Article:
An official American Thoracic Society policy statement: Pay-for-performance in pulmonary, critical care, and sleep medicine

Jeremy M. Kahn, Damon C. Scales, David H. Au, Shannon S. Carson, J. Randall Curtis, R. Adams Dudley, Theodore J. Iwashyna, Jerry A. Krishnan, Janet R. Maurer, Richard Mularski, John Popovich, Gordon D. Rubenfeld, Tasnim Sinuff, John E. Heffner

Research output: Contribution to journalArticlepeer-review

44 Scopus citations


Rationale: Pay-for-performance is a model for health care financing that seeks to link reimbursement to quality. The American Thoracic Society and its members have a significant stake in the development of pay-for-performance programs. Objectives: To develop an official ATS policy statement addressing the role of pay-for-performance in pulmonary, critical care and sleep medicine. Methods: The statement was developed by the ATS Health Policy Committee using an iterative consensus process including an expert workshop and review by ATS committees and assemblies. Measurements and Main Results: Pay-for-performance is increasingly utilized by health care purchasers including the United States government. Published studies generally show that programs result in small but measurable gains in quality, although the data are heterogeneous. Pay-for-performance may result in several negative consequences, including the potential to increase costs, worsen health outcomes, and widen health disparities, among others. Future research should be directed at developing reliable and valid performance measures, increasing the efficacy of pay-for-performance programs, minimizing negative unintended consequences, and examining issues of costs and cost-effectiveness. The ATS and its members can play a key role in the design and evaluation of these programs by advancing the science of performance measurement, regularly developing quality metrics alongside clinical practice guidelines, and working with payors to make performance improvement a routine part of clinical practice. Conclusions: Pay-for-performance programs will expand in the coming years. Pulmonary, critical care and sleep practitioners can use these programs as an opportunity to partner with purchasers to improve health care quality.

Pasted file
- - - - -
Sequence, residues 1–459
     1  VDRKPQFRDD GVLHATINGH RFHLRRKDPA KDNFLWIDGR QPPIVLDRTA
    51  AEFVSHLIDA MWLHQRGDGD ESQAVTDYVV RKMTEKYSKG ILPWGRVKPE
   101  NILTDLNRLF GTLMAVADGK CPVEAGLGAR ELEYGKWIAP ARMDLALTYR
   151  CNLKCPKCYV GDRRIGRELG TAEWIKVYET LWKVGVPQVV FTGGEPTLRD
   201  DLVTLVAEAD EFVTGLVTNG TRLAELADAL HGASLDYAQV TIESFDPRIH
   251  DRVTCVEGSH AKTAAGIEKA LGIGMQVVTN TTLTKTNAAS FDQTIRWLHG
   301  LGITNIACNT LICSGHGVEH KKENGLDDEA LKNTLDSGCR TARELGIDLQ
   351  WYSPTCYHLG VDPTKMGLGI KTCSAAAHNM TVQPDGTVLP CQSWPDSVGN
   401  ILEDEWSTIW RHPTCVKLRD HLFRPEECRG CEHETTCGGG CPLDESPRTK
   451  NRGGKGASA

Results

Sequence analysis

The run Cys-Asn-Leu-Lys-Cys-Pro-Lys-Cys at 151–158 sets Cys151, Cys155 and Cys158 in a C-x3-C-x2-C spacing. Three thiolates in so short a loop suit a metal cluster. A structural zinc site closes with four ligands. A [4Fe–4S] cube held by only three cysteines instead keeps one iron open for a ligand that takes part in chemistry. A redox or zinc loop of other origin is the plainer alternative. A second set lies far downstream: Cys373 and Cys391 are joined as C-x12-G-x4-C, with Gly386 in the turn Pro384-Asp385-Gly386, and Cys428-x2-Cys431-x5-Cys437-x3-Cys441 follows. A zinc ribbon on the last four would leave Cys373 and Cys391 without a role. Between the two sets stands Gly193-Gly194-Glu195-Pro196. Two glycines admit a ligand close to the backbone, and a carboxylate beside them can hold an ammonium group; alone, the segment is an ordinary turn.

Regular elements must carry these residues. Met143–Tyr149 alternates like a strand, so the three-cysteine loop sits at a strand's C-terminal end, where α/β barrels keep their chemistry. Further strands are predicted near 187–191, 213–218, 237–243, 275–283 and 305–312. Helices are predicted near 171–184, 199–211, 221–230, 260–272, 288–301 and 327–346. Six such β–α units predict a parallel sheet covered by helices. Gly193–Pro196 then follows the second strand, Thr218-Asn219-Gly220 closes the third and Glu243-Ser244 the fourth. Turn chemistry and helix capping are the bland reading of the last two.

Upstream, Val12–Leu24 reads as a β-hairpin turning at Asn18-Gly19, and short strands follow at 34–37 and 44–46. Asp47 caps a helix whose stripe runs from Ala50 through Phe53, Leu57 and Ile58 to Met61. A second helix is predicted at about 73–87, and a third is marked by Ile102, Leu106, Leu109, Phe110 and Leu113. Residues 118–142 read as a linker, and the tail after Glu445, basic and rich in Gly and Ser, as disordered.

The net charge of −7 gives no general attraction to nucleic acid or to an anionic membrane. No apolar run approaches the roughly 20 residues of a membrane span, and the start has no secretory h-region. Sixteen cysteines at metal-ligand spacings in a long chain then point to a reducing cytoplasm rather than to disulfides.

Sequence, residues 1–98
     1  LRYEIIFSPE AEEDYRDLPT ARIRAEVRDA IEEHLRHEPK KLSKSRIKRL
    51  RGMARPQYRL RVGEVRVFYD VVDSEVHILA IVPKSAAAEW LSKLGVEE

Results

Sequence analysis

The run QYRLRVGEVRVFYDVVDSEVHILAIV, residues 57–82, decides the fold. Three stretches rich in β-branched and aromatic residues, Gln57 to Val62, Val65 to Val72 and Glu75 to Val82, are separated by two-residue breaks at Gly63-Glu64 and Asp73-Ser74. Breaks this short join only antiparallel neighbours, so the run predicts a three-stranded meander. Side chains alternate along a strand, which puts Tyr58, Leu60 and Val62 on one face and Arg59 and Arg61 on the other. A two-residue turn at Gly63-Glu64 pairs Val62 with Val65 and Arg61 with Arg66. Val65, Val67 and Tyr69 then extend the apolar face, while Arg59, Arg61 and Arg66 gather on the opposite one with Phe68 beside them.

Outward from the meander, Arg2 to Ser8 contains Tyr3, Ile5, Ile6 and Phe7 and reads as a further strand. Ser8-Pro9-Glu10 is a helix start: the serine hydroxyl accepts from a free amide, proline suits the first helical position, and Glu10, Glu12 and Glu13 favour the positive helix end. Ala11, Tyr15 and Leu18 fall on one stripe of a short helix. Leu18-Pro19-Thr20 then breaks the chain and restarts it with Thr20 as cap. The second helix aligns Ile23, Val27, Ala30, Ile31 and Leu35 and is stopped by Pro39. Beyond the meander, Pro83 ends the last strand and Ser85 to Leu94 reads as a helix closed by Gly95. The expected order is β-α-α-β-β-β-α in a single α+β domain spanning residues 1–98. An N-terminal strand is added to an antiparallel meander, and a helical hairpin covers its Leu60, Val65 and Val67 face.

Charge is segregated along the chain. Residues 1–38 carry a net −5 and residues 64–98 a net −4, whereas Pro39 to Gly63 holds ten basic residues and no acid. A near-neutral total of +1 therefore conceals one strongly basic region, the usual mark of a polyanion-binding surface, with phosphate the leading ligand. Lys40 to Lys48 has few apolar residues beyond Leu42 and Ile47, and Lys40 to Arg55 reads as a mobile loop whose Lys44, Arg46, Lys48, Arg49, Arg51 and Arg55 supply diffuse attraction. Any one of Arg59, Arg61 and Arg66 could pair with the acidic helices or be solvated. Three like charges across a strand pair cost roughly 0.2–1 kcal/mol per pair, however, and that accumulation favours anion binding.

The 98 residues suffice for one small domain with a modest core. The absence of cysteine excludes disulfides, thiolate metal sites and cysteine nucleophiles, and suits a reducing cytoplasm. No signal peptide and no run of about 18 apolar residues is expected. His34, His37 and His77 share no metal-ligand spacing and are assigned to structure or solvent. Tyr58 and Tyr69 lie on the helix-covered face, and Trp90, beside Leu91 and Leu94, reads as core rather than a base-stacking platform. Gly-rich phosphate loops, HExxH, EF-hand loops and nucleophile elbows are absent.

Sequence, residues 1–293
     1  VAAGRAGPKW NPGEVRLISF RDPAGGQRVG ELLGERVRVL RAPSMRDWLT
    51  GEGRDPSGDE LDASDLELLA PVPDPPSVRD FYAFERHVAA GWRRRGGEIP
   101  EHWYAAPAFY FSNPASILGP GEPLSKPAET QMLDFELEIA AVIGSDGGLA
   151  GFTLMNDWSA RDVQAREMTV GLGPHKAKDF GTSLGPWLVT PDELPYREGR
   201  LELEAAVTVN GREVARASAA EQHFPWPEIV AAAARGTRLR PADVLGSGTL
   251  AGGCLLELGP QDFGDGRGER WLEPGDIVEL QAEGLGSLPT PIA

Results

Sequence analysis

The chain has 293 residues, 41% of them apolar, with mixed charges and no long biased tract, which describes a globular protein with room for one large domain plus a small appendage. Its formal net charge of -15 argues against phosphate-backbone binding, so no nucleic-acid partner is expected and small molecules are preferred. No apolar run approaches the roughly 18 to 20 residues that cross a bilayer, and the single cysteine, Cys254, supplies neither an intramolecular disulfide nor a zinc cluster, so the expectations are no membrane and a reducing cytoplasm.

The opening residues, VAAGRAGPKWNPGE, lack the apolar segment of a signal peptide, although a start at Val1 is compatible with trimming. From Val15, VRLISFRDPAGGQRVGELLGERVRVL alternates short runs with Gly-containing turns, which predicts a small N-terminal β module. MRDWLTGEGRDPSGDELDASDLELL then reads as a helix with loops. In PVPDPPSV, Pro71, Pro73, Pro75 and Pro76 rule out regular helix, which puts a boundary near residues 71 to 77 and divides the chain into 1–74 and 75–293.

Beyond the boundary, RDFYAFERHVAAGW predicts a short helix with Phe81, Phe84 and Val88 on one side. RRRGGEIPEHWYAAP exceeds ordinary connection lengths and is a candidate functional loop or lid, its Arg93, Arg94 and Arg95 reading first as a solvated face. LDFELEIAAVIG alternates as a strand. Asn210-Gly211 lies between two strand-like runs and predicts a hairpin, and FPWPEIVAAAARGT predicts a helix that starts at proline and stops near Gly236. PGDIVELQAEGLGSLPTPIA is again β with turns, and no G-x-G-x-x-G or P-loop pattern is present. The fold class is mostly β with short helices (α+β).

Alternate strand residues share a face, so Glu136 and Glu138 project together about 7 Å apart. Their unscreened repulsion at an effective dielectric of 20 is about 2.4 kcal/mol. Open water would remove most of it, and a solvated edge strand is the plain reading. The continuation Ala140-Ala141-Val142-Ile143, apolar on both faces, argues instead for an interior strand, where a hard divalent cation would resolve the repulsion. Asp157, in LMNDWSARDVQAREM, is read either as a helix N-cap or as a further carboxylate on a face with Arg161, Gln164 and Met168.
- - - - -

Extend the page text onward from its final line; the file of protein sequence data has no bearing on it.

Original languageEnglish (US)
Pages (from-to)752-761
Number of pages10
JournalAmerican journal of respiratory and critical care medicine
Issue number7
StatePublished - Apr 1 2010
Externally publishedYes


  • Health care disparities
  • Health insurance reimbursement
  • Incentives
  • Medicare
  • Quality assurance
  • Quality indicators


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